Thursday, September 17, 2009

Part II of My Interview with Masha Hamilton, Author of "31 Hours"

Here is Part II of my recent interview with Masha Hamilton, author of 31 Hours, our featured staff pick this month.

We are hoping Glen Ellyn falls for this book in the way we all fell for Little Bee earlier this year. It's just fun to be buzzing about the same book all over town, and I can assure you, the end of this book will make you want to come in the store to talk to us about it!

MARGIE: What did your experience as a Middle East reporter bring to your portrayal of the young man Jonas? Did it make it easier or more difficult to draw a portrait of a home-grown terrorist? After all, Jonas was just the boy-next-door. What was in your thoughts as you wrote about Jonas?

MASHA: I was in my 20s and reporting from the Middle East when I first began to think hard about young men carrying out acts of violence, and about the families of those men. You've heard the saying "one man's terrorist is another's freedom fighter." That concept reflects part of what I was thinking about at the time, and what I was trying to report about: different ways to consider the same set of facts, each way "true" on its own terms. I thought about how these men were once someone's little kid, with all those precious little kid moments. I understood that somehow their motivation made perfect sense to them, and I wondered about the roots of that motivation. Poverty and rage are easy to cite, but it isn't always so simple to trace the reasons someone grows to embrace violence to the point of self-extinguishing. As I became a mother and my kids grew, I heard stories about kids killing themselves via drug abuse, which doesn't have the idea of a "greater purpose" that Jonas is pursuing. It's simply confusion, and vulnerabiity, and fear. I thought a lot about those kids, the insecurity of those years that many of us pass through as we all struggle to figure out who we are. I thought about young adults dedicating themselves, in an obsessive and subsuming way, to a "cause" - which is, in a way, an escape from confronting adult life. Despite the fact that he is very smart, Jonas is also very insecure. As an adult, of course, he'll have more confidence. But he has to get there first.

MARGIE: I'd love to hear your thoughts behind the title (why 31?) as well as the caption at the top of each chapter, which listed the time in New York as well as Mecca.

MASHA: Thirty-one hours was what I always understood, intuitively, was the framework for the story. There was no reason at first beyond my guy, but later I added things like the number of days between menstrual cycles, the 31st verse in the Bible, the 31st name of Allah. The caption at the top of each chapter is to link these two great cities, each with their own separate, loud and demanding Gods, and to subtly demonstrate how small and braided our world has become.

MARGIE: Your love for New York just radiates off the page. It makes me want to take a NYC-31 Hours subway tour, following the paths of your characters. Any chance we could get a subway map to use as a guide as we read the book? How about a link to donate to Sonny Hirt's homeless shelter? (Oh, there I go again, confusing fiction and reality - he felt so real.)

MASHA: Here's a link to the subway map, for a few locations mentioned in the Sonny chapters:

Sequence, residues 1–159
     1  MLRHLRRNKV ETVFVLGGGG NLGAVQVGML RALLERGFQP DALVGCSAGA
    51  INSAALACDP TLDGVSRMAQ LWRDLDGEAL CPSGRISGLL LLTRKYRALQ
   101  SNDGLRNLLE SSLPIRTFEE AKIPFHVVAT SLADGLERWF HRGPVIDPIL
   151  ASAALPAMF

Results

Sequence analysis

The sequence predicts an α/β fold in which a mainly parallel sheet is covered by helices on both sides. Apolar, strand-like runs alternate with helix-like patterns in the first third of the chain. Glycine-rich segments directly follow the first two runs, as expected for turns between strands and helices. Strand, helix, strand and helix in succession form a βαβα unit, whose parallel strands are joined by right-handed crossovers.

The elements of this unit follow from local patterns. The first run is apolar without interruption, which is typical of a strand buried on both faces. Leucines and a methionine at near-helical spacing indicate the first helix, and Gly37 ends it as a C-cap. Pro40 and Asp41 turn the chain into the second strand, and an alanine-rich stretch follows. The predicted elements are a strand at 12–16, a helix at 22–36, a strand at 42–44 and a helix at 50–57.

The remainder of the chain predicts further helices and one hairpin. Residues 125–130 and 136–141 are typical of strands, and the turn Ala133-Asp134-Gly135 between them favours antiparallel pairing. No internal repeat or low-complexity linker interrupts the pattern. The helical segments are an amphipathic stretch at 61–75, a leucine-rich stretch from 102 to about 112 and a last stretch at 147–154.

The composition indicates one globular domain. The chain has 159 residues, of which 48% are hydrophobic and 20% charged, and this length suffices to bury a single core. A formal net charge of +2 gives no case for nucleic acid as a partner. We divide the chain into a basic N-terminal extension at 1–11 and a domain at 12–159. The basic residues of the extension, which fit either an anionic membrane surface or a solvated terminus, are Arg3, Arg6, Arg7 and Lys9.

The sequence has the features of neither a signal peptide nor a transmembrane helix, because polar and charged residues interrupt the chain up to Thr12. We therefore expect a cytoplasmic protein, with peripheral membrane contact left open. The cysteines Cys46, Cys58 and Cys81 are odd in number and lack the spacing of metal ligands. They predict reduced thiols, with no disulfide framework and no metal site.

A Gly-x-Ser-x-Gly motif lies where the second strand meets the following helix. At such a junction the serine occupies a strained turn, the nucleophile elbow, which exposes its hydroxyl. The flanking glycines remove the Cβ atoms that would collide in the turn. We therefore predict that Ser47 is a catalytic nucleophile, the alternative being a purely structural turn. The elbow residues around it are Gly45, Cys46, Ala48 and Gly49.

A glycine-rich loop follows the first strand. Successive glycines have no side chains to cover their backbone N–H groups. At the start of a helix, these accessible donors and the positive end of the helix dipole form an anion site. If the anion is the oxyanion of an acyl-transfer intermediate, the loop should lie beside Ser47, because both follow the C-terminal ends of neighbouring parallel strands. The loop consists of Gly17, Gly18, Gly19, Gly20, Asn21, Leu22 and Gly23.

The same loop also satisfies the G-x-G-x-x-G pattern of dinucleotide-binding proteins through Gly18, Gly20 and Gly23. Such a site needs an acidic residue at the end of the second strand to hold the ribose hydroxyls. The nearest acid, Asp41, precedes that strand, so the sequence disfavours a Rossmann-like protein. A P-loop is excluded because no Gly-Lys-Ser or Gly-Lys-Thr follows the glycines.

MARGIE: What books are on your nightstand?

MASHA: Oh dear, you sent me up to take a look. A Rumi poetry book, John Wray's Lowboy, PEN America's latest journal, various magazines, Maps for Lost Lovers by Nadeem Aslam (loved it, re-reading parts), The Boat by Nam Le, Complete Poems of James Wright, 92nd Street Y Fall Catalog of events, Make the Most of Your Time On Earth: A Rough Guide to the World; Man Gone Down by Michael Thomas, and for research for the next novel, I'm reading Farewell, God Speed: The Greatest Eulogies of our Time, and Methland by Nick Reding.

MARGIE: What book would you put on The President's nightstand if you could sneak through secret service?

MASHA: Only one, huh? Maybe An Unexpected Light: Travels in Afghanistan, written by Jason Elliot and published in 1999. One of the first books I read when I was interested in Afghanistan. It's a very male book, but it humanizes the people, and draws you in the way the country itself does. Right now, the more our administration learns about Afghanistan's complexities and contradictions, the better. (And I suppose I wouldn't be allowed to slip 31 Hours right underneath it?)

MARGIE: Has the resumption of the war in Afghanistan affected your Afghan women's project? Are you able to travel there safely?

MASHA: When I was last in Afghanistan, in November of last year, I was not able to travel as I had on the previous visit. The Taliban held the south of the country and maintained a ring around Kabul. Kidnapping has been a major threat - both by Taliban militants and by basic criminals The women who write for the Afghan Women's Writing Project face a host of challenges. For example, in the days leading up to the election, those in Kabul were fearful about leaving their homes because of rumors of planned suicide bombings. Even on the best days, women largely do not go to an Internet cafe except in the company of a male relative, and even then it is an uncomfortable experience. Some of the women keep secret from their families their participation in the program. We may lose one of our writers because she may be married off against her will. It is because of the current tightening of conditions for women there, in fact, that I wanted to get the project underway this last spring - not a moment too soon.

Again, Margie, THANK YOU SO MUCH! I appreciate these really great questions, and your support of this novel. Warmly, Masha
31 Hours Trailer:

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